With no real fanfare, Rep. Henry Waxman, D-Calif., has finished up his investigation of steroids in professional wrestling. (Yep, it’s a problem.) Marc Ambinder, a hopeless fan of the squared circle, has a good write up of some of the highlights and the policy implications.
But the steroid stuff is not really the most interesting part. In his effort to rid the nation of steroid abuse, Waxman has incidentally created a great historical treasure trove, one of the most comprehensive pictures ever produced of the fascinating, exhilarating, often-nasty and always-elusive professional wrestling business. This industry is, it must be said, America’s last great circus, a traveling band of performers with pecs and tights that is televised with huge ratings three times a week on cable, fills untelevised arenas many other nights each week, and attracts millions of dollars in annual pay-per-view revenue. It is “fake” in the way that it is not a sport, like baseball or football. But as a business, as a form of entertainment, and as an athletic drama it often puts real sports leagues to shame.
In recent years, American professional wrestling has been mostly run as a monopoly, under the umbrella of the WWE, which is controlled and operated by Vince McMahon and his family, who often perform at the events. They like to keep the backstage details quiet, by necessity. Like magic, pro-wrestling is about illusion. You never want to reveal more than the trick demands. But Waxman has now laid these details bare, in testimony to Congress, where lies are prosecutable offenses. We learn that the WWE, for instance, employs about 10 writers to develop story lines for the wrestlers. In addition to the writers, a group of “producers,” mostly former wrestlers, travel on the road to help the performers with rough choreography of each match. (Each match needs a beginning, middle and end.) The performers can make anywhere from a few thousand to many hundred thousand dollars, depending on the event. Then there is this, my favorite nugget from what I have read so far–from an interview with Stephanie McMahon, the daughter of Vince and the person in charge of talent relations and creative writing.
Q: How does talent get to become main-event talent?
A: Basically, hard work and perseverance and overwhelming the audience. . . . When someone walks out on that stage, they either connect with the people or they don’t. If you walk out on stage and nobody cares and you don’t have any presence, you are never going to be a main-event guy. But if you walk out and you make the people notice you, you can be a main-event guy. You really don’t even have to be a good wrestler. Hulk Hogan was a terrible wrestler, and he still is.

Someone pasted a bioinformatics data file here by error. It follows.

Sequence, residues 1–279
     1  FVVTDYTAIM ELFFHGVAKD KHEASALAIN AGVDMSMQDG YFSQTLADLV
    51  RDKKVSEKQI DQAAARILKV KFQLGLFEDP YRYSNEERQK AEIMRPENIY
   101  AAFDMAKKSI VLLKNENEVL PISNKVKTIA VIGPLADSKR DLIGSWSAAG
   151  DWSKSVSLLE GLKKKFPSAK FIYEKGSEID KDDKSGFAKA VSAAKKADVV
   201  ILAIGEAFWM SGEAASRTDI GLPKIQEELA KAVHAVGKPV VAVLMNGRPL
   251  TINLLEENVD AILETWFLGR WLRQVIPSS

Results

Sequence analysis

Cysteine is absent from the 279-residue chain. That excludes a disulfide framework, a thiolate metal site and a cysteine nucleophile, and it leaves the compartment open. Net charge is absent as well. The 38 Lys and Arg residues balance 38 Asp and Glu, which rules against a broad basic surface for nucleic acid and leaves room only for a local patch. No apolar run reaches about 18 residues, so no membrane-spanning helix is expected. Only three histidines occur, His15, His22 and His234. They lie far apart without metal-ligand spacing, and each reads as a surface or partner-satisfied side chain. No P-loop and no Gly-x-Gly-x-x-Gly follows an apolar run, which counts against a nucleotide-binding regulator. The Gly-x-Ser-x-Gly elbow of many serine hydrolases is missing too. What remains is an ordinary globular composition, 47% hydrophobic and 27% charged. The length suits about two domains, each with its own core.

Q: For the record, I am sure he would disagree with that.
A: I am sure he would disagree with that. I forget this is all public. But, you know, he was. He was a terrible wrestler. But what an incredible psychologist and what an incredible charismatic person. There is no denying Hulk Hogan is one of the biggest stars in the history of our business and will always be perceived as such. But he was not a great wrestler, not a great technician.
Later in the interview, Stephanie McMahon says she regrets saying on the record that Hogan was a bad wrestler. But she elaborates, nonetheless.
When I said Hulk Hogan wasn’t a great wrestler, I didn’t mean he didn’t know how to do the moves, the move technically. He just had three moves. And that is all he did. That is what I meant. It wasn’t an exciting technical display of reversing holds and, you know, multiple different maneuvers. It was a very basic match. Psychologically it worked every time. The crowd got behind Hulk.
Just Stephanie’s interview alone runs 138 pages. All great stuff. The full archive of Waxman’s investigation can be found here.
UPDATE: Ambinder responds to this post, by agreeing with McMahon: Hulk stunk as a wrestler. The Atlantic’s in-house wrestling expert even posts video evidence to prove it: a vintage match between Hogan and Minnesota’s own Jesse “The Body” Ventura.
MORE: Wade Keller, the editor of Pro-Wrestling Torch, who probably learns more about wrestling before lunch before I have gathered in a lifetime, points out correctly that Waxman is not the first to put to paper the mechanics of behind-the-curtain wrestling production, a craft that has been documented in fan publications and wrestler memoirs for years. (Had a McMahon ever knocked Hogan’s wrestling skills in public before?) That said, Waxman’s historical record is still quite astounding, and great reading, and it will be a valuable historical and journalistic reference for years to come.